Arthur Lubin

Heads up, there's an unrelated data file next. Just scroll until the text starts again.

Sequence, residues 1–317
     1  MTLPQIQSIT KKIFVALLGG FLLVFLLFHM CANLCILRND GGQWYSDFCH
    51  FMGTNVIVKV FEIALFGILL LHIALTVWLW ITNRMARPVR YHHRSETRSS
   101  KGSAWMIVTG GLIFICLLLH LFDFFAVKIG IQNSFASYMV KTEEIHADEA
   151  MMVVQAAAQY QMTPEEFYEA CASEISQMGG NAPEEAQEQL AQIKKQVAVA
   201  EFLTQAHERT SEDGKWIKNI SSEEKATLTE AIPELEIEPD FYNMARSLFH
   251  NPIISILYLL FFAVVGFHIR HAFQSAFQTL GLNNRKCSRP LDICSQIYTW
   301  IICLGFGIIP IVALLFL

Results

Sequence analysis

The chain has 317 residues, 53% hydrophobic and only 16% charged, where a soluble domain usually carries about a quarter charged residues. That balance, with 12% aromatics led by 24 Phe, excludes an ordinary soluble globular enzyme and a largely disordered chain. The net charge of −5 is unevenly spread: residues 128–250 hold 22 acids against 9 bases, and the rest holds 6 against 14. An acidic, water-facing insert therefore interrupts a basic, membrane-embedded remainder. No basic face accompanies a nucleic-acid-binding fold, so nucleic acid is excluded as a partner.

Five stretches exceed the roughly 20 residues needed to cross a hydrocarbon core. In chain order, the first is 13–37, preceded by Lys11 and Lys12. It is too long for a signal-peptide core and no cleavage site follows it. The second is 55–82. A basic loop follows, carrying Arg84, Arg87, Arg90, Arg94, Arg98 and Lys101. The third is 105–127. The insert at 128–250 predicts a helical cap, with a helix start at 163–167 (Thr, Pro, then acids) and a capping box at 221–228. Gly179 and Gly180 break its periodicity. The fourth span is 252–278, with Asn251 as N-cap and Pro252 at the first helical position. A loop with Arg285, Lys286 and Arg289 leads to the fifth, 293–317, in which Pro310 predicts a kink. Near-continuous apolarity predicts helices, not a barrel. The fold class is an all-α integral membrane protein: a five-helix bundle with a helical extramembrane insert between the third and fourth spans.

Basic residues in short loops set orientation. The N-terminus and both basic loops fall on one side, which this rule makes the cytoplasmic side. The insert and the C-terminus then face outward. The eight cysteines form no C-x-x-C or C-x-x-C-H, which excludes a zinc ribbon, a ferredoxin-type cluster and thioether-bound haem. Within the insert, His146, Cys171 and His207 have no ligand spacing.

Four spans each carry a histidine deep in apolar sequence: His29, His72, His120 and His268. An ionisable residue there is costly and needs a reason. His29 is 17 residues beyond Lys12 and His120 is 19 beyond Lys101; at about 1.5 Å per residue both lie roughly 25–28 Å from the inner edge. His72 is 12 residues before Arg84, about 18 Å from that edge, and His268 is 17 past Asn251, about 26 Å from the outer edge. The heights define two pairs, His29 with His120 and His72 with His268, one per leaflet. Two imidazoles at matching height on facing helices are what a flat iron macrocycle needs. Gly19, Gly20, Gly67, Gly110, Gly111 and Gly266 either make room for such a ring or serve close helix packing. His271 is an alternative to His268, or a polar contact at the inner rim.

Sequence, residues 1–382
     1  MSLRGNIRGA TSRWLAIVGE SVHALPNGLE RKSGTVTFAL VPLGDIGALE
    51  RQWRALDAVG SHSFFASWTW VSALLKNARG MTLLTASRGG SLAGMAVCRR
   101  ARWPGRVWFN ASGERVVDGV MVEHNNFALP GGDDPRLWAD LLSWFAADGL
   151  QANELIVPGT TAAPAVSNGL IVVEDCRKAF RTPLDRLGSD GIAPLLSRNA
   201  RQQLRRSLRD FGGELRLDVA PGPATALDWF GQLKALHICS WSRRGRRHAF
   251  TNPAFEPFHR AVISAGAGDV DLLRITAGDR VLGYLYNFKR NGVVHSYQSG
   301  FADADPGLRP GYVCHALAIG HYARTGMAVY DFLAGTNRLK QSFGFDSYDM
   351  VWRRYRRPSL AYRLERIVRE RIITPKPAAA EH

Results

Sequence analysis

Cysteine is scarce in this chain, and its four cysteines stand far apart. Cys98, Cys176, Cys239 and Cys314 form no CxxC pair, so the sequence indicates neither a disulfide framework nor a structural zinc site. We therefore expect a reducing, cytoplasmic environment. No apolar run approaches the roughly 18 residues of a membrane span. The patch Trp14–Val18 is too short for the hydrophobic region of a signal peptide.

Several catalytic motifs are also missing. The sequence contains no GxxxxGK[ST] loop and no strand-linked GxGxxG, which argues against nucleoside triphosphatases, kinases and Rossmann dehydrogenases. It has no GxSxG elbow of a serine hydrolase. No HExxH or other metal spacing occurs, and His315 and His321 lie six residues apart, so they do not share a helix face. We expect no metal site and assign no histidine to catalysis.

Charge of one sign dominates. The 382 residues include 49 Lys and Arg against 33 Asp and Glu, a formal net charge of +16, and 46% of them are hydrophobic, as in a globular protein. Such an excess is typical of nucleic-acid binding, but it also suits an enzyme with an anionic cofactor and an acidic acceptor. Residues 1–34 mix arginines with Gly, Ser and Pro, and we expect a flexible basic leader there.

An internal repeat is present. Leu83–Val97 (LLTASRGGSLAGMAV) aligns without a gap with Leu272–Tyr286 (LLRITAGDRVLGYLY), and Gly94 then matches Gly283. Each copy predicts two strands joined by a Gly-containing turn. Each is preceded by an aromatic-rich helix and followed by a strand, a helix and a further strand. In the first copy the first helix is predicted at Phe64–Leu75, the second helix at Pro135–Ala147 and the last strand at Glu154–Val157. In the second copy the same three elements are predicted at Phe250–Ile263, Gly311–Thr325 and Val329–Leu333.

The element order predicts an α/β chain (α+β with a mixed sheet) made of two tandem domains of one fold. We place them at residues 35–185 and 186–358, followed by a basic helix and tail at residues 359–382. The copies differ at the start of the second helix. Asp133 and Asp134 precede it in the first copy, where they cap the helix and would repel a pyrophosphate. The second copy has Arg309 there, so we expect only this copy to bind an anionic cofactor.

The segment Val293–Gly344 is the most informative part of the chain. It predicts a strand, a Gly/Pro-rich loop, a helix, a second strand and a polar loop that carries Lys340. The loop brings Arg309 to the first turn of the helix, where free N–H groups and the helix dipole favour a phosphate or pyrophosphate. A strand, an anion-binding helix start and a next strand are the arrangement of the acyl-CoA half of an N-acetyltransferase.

A graduate of Carnegie Tech, Arthur Lubin entered films as an actor in the 1920s, and after appearing in many films turned to directing in 1934, mainly for Universal. His forte was light comedy, but he helmed many different types of pictures for the studio. Lubin was the director Universal entrusted with its new comedy team of Bud Abbott and Lou Costello; he didn’t let the studio down, and the team’s films with Lubin, such as Buck Privates (1941), Hold That Ghost (1941) and Ride ‘Em Cowboy (1942), rank among their best. Lubin has said that while shooting an Abbott and Costello film he would have one camera do nothing but focus on Costello, who had so much energy that he would run around the set doing wild improvisations, make up bits of business and mischievously throw actors wrong cues or not cue them at all, making it impossible to plan a shot before shooting; with one camera focused solely on Costello, whatever craziness he was engaged in could be edited in (or out; Costello was renowned for his off-color ad libs) later. Lubin’s Abbott & Costello films saved Universal from bankruptcy, and as a reward he was handed the assignment of directing Universal’s remake of its silent classic, Phantom of the Opera (1943). It was very successful, and remains as Lubin’s highest-grossing and most critically acclaimed film. In the 1950s he was put in charge of the “Francis the Talking Mule” series, which also became successful, so much so that Lubin turned to television and developed another talking-animal series, the popular and long-running Mister Ed (1958).

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